When the control function message is assembled, the phone 10 transmits the message, including the selected identifier, to the MSC 100. The MSC 100 receives the control function message and processes it in a traditional fashion. This flow of identifiers is shown in FIG. 5 wherein either the subscription module identifier or the mobile terminal identifier are directed to the MSC 100 and that identifier is forwarded from the MSC 100 to the AUC/HLR 500.

When this embodiment encounters an over-the-air activation of a previously un-activated subscription module as described above, the phone 10 initiates an activation request control function. The phone 10 is pre-programmed to know that for an activation request, the network will need the subscription module identifier. As such, the phone 10 generates and transmits a control function message that includes the subscription module identifier. The MSC 100 receives this message and responds by forwarding the appropriate information to the AUC/HLR 500, including the subscription module identifier. Thus, the determination of which identifier to send is made by the phone 10, and the MSC 100 merely passes on the sent identifier. Likewise, when this embodiment encounters a page response as previously described, the phone 10 generates a page response control function message including the mobile terminal identifier and transmits the same to the MSC 100. The MSC 100 receives this message and responds by forwarding the appropriate information to the AUC/HLR 500, including the mobile terminal identifier. As can be seen from these examples, it is the wireless communications device 10 that determines which identifier to send based on the subject control function.

The present method may be used to help insure that the proper identity is sent by the MSC 100 to other network entities when the phone 10 includes more than one fixed identifier. The method is particularly adapted for situations where the phone 10 includes a subscription module having a subscription module identifier and mobile terminal having a mobile terminal identifier.

For clarity, the discussion above has assumed that the determination of which identifier to send was based on the particular control function being processed. However, rather than looking at each control function as a separate case, the control functions may be grouped into classes where the control functions in a given class share the same identifier requirements. Thus, the determination may be indirectly based on the particular control function being processed by examining the class of control function, rather than the exact control function itself.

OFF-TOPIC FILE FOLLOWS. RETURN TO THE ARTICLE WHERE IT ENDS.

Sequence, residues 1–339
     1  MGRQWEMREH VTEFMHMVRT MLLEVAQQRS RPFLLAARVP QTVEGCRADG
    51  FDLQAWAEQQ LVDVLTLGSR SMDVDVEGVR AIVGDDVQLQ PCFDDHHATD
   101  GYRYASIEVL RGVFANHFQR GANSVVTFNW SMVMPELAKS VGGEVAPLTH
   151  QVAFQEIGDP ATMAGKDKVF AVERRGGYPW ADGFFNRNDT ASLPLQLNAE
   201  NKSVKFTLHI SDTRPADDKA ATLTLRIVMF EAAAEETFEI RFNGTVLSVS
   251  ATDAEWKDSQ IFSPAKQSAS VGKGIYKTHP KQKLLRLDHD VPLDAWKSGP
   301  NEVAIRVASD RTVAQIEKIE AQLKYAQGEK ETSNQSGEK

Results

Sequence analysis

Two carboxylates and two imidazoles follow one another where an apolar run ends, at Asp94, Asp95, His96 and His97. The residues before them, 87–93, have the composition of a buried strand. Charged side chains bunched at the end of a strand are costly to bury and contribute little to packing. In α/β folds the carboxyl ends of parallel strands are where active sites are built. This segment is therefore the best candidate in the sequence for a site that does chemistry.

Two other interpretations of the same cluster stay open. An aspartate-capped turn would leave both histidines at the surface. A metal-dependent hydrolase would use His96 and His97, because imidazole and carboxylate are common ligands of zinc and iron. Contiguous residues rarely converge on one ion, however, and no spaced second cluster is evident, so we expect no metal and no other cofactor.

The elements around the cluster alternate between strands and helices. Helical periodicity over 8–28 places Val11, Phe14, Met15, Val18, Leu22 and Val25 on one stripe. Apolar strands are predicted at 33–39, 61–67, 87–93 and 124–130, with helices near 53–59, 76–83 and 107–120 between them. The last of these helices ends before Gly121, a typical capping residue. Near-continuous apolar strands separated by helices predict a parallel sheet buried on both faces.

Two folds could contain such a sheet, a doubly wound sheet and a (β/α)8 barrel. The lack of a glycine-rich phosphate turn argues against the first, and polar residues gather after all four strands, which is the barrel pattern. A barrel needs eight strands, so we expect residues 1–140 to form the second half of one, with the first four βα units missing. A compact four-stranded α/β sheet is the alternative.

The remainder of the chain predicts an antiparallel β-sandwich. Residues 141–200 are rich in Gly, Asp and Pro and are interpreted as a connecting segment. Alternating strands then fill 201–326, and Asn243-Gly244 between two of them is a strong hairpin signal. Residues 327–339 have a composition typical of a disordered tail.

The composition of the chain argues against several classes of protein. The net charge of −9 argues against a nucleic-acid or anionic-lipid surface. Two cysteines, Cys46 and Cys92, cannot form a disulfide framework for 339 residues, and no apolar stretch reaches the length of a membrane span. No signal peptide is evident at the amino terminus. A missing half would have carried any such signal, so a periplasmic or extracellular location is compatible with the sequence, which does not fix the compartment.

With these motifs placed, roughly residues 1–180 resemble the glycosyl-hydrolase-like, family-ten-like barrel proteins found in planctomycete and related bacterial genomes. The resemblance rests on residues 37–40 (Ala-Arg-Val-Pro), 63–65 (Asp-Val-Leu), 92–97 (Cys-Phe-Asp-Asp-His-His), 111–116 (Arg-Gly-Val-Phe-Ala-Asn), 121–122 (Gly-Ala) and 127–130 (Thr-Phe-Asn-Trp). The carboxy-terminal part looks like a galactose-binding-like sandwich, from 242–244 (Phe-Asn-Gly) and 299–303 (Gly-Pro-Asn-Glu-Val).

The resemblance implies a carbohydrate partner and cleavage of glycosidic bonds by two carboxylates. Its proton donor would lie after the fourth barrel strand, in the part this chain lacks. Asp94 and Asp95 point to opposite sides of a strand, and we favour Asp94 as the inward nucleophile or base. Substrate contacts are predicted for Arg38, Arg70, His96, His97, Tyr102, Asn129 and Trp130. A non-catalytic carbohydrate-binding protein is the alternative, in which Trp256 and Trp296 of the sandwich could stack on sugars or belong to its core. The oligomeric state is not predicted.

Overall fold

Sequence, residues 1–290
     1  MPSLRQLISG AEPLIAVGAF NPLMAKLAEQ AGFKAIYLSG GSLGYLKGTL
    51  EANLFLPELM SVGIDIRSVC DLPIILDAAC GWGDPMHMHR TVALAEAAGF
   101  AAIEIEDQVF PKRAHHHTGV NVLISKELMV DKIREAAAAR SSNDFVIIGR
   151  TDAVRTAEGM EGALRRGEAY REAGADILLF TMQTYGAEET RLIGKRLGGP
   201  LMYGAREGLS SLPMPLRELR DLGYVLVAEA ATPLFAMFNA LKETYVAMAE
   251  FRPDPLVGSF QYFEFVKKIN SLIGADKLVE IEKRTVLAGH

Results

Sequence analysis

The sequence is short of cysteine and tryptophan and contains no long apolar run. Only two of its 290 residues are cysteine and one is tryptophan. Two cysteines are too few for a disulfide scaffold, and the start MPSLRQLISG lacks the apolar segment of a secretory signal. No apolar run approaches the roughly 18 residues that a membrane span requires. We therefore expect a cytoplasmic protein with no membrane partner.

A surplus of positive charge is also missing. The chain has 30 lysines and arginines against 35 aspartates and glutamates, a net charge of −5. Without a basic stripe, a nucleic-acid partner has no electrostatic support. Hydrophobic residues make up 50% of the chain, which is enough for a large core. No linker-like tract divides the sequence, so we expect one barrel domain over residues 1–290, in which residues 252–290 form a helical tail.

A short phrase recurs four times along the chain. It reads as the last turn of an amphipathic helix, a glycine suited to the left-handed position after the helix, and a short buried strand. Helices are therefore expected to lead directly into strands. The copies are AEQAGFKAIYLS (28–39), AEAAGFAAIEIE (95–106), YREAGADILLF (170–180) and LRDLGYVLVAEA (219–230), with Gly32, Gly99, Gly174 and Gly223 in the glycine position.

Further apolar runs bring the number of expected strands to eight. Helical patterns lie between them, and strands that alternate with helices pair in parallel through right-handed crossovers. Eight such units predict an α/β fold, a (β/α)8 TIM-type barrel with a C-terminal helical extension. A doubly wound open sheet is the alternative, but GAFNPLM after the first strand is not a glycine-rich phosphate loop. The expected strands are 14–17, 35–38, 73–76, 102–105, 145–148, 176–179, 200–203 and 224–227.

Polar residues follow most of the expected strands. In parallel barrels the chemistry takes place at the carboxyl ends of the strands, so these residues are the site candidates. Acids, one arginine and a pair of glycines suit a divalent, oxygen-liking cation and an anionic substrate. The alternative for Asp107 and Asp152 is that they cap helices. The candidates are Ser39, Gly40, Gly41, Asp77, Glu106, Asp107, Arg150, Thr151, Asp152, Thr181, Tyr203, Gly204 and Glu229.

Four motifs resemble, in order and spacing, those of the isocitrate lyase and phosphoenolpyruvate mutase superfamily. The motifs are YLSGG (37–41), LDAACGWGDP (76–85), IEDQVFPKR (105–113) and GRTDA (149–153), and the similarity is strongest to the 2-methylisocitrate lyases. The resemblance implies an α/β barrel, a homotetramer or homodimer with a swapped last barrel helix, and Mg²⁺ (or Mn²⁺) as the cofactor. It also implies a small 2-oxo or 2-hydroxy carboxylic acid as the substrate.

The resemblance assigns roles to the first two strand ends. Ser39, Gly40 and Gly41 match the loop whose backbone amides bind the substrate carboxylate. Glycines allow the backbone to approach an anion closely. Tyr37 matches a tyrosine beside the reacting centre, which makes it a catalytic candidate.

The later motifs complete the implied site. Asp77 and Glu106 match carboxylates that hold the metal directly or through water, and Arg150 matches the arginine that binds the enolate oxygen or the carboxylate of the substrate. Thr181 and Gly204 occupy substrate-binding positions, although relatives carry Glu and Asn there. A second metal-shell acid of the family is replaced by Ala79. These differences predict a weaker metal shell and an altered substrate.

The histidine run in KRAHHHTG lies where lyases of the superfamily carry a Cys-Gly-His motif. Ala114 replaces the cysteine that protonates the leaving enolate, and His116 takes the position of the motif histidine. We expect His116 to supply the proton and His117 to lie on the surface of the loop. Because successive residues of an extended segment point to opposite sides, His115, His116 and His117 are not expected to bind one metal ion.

The present invention may also include the phone 10 having any number of separate fixed identifiers that are filtered before being sent to the network. Additionally, more than one identifier may be sent from the phone 10 to the MSC 100 and the MSC 100 to the network. By way of example, the phone 10 may include five identifiers. For the first described embodiment, the phone 10 transmits the five identifiers to the MSC 100 which filters the identifiers and forwards less than the five identifiers depending on which are needed by the network. For the second described embodiment, the phone 10 may transmit four or less of the identifiers to the MSC 100. The present invention may also include sending the identifiers to components within the network other than the AUC/HLR 500 and CSC 300. Additionally, the identifiers may be transmitted to other networks.

For clarity, the discussion above has assumed that the wireless communications device 10 is a cellular telephone. However, it is to be understood that other wireless communications devices, such as personal communications assistants, pagers, and the like, are also within the scope of the present invention. Further, the discussion focused on the operation of the present invention in the context of an ANSI-41/ANSI-136 network. However, the present invention is not so limited, but may instead apply to terrestrial GSM, IS-95, CDMA, WCDMA, cdma 2000, and similar networks, and also to satellite based networks.

The present invention may, of course, be carried out in other specific ways than those herein set forth without departing from the spirit and essential characteristics of the invention. The present embodiments are, therefore, to be considered in all respects as illustrative and not restrictive, and all changes coming within the meaning and equivalency range of the appended claims are intended to be embraced therein.

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Classifications
U.S. Classification455/411, 455/551, 455/558
International ClassificationH04W12/06
Cooperative ClassificationH04W12/06, H04W8/26
European ClassificationH04W8/26
Legal Events
DateCodeEventDescription
Mar 12, 2014ASAssignment
Owner name: WILMINGTON TRUST, NATIONAL ASSOCIATION, MINNESOTA